No matter what business you’re in, you’re in the communications business. You sell your product or service through the words you choose, helping your customers to understand the value you offer. That’s been true since the first Sumerian used this newfangled “written communication” to drum up customers for their pottery business.  

There have been a few advancements since then (for example, Sumerians now use hashtags. Or they would, if there were any Sumerians still around) but the basic principle remains the same: words matter. They not only drive your customer’s opinion, they are also crucial in helping search engines find you. And the words you chose can be the difference between landing a sale and losing a customer. So how do you find those right words? Like any good writer, you start with the wrong words and then edit.

Don’t Make it (Entirely) About You

We get it. You like your product or service and are proud of it. Your certifications include some of the most prestigious accreditations in your field. Your customer satisfaction ratings are through the roof. And your product has more quality than anything else on the market. Your customers get that you’re passionate and have a great product, they just don’t care.

They just want to know what’s in it for them.

It’s your job to tell them, aligning your words with the outcome your customers desire.  Let’s say you run a landscaping company. You’re not just mowing grass and bedding plants. You’re giving customers the yard they’ve always wanted and time to relax and enjoy it instead of maintaining it.

In short, you’re improving their lives. You’re making them happier, saving them money, improving their health, eliminating their stress, etc. etc. etc.

Focus your words on the benefits to the customer. It’s not about what your product does. It’s about what your product does for them.

Give Reasons Behind News (Especially Bad News)

Here we’re going to get into a little bit of psychology.

Back in the 1970s, a team of researchers ran an experiment where they asked people if they could cut in line for the Xerox machine. (They called their experiment “The mindlessness of ostensibly thoughtful action: The role of ‘placebic’ information in interpersonal interaction” because scientists have yet to explore the frontiers of brevity).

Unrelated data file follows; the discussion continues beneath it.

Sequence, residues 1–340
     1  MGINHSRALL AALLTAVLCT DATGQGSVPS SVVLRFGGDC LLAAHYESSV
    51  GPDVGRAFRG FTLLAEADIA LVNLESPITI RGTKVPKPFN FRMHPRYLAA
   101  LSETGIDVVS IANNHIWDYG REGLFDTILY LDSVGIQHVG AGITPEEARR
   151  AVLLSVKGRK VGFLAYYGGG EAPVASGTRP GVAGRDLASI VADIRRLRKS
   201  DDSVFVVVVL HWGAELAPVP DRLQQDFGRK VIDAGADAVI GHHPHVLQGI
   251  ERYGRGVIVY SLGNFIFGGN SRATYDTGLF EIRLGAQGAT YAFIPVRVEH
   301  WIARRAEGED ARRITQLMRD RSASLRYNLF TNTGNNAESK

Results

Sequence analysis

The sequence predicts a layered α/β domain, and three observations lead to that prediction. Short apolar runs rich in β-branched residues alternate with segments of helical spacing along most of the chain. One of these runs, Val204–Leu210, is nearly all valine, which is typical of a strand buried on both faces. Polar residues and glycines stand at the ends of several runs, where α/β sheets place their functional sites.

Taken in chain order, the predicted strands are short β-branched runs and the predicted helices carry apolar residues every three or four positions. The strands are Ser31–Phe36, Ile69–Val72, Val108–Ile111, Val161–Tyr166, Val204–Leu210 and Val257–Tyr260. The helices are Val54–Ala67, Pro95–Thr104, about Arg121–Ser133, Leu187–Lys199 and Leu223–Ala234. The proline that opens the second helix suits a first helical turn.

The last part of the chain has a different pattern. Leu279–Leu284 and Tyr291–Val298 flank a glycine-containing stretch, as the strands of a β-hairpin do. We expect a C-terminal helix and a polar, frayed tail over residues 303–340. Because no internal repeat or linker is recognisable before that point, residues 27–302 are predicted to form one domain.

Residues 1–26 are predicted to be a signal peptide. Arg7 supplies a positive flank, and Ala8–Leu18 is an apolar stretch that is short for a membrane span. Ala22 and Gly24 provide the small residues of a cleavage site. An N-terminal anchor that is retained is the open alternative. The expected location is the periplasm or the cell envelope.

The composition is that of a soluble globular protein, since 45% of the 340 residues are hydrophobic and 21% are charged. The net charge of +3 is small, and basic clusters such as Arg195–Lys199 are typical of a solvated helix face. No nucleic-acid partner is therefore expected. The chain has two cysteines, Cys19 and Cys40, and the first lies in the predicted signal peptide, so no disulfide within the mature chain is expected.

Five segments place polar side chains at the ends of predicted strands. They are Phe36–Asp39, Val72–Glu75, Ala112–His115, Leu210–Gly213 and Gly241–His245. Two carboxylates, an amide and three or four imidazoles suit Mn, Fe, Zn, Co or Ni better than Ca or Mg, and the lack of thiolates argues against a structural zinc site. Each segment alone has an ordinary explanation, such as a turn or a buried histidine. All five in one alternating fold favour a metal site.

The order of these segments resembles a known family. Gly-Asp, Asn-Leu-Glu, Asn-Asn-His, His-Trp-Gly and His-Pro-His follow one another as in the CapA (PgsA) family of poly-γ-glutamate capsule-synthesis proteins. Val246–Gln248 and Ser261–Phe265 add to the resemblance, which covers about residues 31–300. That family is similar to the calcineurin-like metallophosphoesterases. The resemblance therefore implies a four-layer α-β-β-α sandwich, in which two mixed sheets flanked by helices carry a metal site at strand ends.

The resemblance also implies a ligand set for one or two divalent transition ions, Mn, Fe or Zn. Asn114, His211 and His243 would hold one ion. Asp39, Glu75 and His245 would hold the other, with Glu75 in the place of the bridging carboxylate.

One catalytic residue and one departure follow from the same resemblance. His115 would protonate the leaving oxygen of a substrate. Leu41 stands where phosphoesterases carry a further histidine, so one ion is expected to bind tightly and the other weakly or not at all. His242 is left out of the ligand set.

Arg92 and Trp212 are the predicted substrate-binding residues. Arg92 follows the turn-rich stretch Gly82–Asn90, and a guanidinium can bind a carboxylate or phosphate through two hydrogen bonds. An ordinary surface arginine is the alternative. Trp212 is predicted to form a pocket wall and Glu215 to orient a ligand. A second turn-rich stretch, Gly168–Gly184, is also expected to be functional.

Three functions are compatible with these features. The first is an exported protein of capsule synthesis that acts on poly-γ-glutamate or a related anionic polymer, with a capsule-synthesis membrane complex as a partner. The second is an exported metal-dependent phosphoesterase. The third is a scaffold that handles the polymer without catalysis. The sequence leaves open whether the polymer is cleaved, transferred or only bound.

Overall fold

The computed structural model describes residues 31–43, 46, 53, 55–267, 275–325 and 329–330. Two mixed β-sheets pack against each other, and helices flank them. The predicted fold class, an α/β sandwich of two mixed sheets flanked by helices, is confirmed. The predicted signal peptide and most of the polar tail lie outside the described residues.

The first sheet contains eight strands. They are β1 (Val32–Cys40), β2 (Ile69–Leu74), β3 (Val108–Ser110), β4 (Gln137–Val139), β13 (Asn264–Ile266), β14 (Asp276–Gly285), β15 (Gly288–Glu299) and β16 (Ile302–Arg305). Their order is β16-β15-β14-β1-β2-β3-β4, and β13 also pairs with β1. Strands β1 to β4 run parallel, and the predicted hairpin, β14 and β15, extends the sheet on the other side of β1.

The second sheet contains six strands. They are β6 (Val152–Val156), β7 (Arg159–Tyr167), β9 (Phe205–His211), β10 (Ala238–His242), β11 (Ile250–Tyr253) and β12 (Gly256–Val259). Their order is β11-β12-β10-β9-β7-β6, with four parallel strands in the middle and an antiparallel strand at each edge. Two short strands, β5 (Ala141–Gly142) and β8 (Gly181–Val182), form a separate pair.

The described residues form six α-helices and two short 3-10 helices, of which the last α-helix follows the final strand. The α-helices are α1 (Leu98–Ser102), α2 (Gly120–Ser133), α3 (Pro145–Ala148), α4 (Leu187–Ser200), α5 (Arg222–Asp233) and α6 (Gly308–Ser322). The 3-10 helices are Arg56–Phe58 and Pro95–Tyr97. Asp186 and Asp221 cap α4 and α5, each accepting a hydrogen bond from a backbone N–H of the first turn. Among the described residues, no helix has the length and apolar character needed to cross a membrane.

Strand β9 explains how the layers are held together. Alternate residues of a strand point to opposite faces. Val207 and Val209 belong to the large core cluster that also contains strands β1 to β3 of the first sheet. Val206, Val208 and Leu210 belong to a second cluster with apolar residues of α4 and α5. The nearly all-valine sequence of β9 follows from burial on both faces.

Essentially, these researchers found that if they gave a reason why they needed to cut in line, they received permission 90 percent of the time. The reasons they gave didn’t even seem to matter, with some of them being nonsensical (one researcher, and I promise this is true, told a subject they needed to use the copier because elephants were after them).

So what does this mean for you, the copywriter? It means your message resonates more if you give a reason. That should be self-evident when talking about the benefits of your product or service, but we bring it up here more as a tool for breaking bad news. If you have an extra charge for a particular service, explain why. For example, if you have a surcharge for after-hours work, explain the expense that comes with keeping staff overtime and how maintaining set hours helps keep costs low. The more you explain it, the more customers will accept it.

Don’t Pad Your Word Count With Drivel

You only have so many words to capture a customer’s attention. There have been no shortage of studies done on our dwindling attention spans, with some putting our average at around five seconds. That’s not a lot of time to make a case, especially with average person reading around 200 words a minute.

So you have to make each and every word count. You start by eliminating adjectives.

Why that particular part of speech? Because more than any other, adjectives typify wasted words and meaningless jargon. By now, there isn’t a business in the world that hasn’t referred to itself as “world-class” “cutting-edge” or “state-of-the-art.”  These hyphenate adjectives get glossed over, burning precious seconds you could be using to convey your value proposition.

That’s not to say you want to eliminate all adjectives. Just ones that are tired and played out. Don’t tell your customer your product is great. Show them why it’s great. If you have to use an adjective, lean towards sensory adjectives (here’s a great run down on honing your adjective game).

There are plenty of ways to craft a compelling message that resonates with your customers, driving conversion rates and building your bottom line. If you need help, give us a call at 904.257.8154, or fill out our contact form.

Also, don’t forget to download our Guide to Digital Marketing for the latest insights.